“They’re being quite strict on keeping suitable records from the start. You might be able to look in your Outlook calendar and develop a record from that, so you can access information from other sources to build up proof.”

Stringent record keeping is required to claim work from home expenses under the fixed rate method in 2024.
Stringent record keeping is required to claim work from home expenses under the fixed rate method in 2024. Credit: Getty Images

Other than the fixed rate method for working-from-home deductions, the only alternative was the actual cost “method” which Ord said is “more difficult”.

It requires gathering all your bills and then splitting them to find the amount apportioned solely to the home office area, which can be worked out using calculations based on the floor space.

“There has been talk of working out how much power your laptop uses or your lamp and, to me, that’s just not practical for anyone,” Ord said.

If the actual cost method proves too difficult, Ord advised taxpayers to cut their losses and simply “claim what you can prove” using the fixed rate method, and resolve to keep track of hours worked from home “better in the next (financial) year”.

Claims compared for consistency

Workers within the same industries are compared to each other by the ATO, so that any higher-than-usual deductions within the sector stick out to the tax office — it’s called the “nearest neighbour” program.

That means that if taxpayers deduct an expensive item uncommonly purchased by people in a similar role, it could raise red flags.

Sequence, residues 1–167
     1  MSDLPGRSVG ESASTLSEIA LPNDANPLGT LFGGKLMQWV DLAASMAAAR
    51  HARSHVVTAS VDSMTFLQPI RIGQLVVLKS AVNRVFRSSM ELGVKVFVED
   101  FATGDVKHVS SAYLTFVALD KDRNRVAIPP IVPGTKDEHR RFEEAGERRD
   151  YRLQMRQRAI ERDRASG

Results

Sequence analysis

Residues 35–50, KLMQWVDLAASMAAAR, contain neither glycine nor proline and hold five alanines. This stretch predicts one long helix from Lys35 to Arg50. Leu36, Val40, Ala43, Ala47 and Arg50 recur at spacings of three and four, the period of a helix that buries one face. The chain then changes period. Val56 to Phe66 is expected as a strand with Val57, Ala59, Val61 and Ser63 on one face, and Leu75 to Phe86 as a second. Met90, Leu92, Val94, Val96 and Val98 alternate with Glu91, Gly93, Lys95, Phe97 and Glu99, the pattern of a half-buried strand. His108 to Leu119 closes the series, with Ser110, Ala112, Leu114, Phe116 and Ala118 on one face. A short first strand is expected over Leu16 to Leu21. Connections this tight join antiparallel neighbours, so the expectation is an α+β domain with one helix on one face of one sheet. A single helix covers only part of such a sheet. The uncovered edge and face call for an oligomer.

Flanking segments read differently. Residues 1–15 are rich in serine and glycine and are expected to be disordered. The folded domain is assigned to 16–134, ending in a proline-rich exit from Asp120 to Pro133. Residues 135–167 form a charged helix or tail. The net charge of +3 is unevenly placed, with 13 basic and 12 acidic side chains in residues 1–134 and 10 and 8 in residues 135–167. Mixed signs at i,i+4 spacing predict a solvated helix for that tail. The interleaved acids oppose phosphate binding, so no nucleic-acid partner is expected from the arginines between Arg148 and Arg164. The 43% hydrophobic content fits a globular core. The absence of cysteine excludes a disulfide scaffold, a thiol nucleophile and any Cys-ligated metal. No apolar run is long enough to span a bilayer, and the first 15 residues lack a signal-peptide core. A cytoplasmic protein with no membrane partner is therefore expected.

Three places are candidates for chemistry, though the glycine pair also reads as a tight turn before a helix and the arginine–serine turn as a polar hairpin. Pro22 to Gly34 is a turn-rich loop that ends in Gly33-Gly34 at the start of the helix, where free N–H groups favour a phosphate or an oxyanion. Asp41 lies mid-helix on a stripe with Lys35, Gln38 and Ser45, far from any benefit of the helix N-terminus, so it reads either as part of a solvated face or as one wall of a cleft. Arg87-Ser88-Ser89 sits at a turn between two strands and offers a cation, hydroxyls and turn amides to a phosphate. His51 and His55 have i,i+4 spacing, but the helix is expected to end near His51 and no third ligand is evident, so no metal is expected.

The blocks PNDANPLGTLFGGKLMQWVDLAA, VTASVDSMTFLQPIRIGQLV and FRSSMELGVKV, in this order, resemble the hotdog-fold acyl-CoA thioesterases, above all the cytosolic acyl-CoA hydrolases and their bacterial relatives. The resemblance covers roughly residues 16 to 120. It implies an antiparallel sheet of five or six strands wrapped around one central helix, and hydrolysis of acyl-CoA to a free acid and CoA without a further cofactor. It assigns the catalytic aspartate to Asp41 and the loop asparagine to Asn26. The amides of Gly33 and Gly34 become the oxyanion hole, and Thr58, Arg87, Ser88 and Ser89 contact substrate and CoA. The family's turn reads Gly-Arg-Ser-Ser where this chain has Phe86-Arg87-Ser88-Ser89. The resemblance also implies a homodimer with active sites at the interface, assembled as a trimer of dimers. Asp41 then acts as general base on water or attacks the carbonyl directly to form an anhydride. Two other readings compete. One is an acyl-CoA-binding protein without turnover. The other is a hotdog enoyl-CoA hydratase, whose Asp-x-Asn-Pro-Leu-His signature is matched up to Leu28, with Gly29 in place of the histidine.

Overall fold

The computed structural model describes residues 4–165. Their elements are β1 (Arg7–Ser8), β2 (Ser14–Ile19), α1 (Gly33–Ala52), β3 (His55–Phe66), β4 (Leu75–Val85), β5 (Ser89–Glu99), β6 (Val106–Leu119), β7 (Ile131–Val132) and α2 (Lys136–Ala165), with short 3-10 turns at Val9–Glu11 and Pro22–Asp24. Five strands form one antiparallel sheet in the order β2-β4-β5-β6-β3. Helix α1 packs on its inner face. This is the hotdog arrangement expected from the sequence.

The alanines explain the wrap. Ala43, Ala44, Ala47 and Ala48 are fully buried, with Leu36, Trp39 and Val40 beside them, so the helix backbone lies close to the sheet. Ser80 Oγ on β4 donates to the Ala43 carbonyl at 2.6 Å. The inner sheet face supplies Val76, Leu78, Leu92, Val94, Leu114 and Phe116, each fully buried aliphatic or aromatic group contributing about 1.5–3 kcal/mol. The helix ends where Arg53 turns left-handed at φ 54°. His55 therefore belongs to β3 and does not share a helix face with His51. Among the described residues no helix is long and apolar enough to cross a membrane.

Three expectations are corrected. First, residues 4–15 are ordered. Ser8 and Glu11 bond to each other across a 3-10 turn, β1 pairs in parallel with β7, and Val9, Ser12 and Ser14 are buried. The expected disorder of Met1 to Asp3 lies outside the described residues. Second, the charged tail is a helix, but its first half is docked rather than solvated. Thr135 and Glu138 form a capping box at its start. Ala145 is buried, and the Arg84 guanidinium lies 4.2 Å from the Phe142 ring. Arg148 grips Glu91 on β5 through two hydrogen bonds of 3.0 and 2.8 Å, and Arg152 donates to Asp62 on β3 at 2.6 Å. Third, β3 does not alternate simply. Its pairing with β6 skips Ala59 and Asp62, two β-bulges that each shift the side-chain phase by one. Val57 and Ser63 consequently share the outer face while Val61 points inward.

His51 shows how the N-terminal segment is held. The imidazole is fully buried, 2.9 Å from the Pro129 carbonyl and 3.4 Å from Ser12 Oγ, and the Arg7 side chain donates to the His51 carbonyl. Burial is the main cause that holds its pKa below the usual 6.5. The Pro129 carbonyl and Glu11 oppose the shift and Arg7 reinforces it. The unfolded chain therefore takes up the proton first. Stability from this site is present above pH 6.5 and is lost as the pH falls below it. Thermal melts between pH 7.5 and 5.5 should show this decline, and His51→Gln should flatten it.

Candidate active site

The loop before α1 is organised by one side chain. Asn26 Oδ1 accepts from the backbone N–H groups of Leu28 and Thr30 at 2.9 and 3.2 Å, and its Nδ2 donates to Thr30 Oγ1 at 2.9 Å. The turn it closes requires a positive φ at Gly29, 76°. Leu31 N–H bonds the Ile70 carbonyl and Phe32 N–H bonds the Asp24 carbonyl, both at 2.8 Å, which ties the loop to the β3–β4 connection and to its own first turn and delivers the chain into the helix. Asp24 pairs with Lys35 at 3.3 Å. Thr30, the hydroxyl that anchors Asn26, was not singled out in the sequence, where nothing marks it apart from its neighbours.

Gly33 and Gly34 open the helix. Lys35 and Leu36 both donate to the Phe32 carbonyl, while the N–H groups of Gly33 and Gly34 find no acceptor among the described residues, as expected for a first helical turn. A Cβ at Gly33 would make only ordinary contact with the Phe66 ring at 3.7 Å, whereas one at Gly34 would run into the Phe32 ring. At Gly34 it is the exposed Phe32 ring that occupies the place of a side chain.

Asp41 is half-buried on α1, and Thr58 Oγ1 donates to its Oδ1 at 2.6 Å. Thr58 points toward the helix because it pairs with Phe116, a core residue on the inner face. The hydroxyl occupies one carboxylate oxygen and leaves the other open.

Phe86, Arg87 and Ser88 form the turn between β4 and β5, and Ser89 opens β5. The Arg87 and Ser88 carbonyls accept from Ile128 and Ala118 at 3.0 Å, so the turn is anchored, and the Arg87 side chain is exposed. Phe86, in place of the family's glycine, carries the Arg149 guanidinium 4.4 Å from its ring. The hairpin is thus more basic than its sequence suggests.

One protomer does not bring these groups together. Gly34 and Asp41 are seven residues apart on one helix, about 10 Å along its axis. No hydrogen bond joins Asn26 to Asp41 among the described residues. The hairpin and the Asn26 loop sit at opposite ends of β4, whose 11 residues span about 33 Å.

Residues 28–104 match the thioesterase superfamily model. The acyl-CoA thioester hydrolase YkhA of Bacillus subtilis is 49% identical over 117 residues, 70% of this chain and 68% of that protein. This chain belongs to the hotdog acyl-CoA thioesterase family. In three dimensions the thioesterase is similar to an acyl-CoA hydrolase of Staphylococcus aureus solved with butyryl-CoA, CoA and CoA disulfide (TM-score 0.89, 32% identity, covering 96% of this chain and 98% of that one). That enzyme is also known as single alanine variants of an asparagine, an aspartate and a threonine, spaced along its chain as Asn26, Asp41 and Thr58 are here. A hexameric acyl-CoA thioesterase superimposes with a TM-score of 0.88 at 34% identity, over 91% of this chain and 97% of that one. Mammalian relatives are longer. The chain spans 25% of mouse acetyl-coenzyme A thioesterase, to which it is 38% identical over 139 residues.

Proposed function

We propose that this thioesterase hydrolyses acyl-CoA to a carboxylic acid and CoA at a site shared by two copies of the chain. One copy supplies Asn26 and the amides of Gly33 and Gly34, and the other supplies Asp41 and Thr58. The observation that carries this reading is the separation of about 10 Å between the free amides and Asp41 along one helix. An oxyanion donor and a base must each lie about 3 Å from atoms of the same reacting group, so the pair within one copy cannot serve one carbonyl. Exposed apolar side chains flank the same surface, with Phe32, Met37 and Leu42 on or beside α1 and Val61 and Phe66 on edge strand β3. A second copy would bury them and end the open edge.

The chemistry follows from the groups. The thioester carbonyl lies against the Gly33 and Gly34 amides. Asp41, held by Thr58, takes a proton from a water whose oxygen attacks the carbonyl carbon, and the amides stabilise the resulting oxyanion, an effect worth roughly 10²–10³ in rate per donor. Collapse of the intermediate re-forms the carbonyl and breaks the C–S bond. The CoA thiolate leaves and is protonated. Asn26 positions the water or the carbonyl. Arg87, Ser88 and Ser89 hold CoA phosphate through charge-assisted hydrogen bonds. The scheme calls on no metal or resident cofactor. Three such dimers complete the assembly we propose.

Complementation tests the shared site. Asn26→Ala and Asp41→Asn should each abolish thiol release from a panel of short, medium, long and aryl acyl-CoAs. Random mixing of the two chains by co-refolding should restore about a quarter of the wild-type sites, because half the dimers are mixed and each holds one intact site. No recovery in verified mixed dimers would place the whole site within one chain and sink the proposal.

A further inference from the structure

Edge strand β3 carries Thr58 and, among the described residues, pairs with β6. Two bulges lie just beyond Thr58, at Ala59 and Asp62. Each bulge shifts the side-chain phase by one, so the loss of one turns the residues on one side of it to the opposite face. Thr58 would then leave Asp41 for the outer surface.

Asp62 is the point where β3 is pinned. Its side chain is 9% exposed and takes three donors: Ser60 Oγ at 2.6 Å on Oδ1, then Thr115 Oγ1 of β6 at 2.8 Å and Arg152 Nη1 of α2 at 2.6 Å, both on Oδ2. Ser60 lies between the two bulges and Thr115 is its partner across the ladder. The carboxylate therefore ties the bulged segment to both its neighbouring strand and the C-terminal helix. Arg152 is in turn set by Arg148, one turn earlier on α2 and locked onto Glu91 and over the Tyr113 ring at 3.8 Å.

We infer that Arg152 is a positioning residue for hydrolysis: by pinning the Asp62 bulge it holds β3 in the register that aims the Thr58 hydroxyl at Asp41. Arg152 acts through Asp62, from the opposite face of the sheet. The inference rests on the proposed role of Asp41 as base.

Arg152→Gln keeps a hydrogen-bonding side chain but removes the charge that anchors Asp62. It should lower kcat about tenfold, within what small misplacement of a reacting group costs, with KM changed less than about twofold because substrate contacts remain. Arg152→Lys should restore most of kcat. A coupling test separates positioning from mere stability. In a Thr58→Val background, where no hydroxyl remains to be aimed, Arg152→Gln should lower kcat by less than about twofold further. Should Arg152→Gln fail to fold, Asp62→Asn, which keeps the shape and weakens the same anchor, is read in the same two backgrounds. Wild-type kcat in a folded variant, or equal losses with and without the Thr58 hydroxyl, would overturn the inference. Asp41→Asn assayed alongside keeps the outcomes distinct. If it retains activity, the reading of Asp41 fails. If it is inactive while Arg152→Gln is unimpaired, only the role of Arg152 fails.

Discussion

“The ATO collects huge amounts of data, not just from tax returns but from other sources and from that, they can get a pretty good picture,” Ord said.

“If someone is claiming at a lot larger than the average (person in that role), that triggers the ATO to at least starting to ask questions as to why your expense claims are well out of proportion to someone else in your same occupation.”

While Ord said that “a truck driver deducting a crocheting course” would stand out to ATO, he said that large deductions for items typically relevant to one’s specific profession aren’t as likely to be flagged.

“It has to be directly related to your job,” he said.

A letter from an employer confirming the expenses were necessary for work should be sufficient in appeasing the ATO, should it begin to question the deducted purchase.

Record-keeping exemptions debunked

While there are about $650 worth of deductions that can technically be exempt from record keeping, according to the ATO, Ord said taxpayers should be prepared to answer questions from the tax office.

“While you don’t need to keep receipts, you still need to be able to prove that you spent the money, Ord said.

Work expenses up to $300, and laundry up to $150 can be claimed without lodging records of purchase, but the ATO could still follow up for proof later.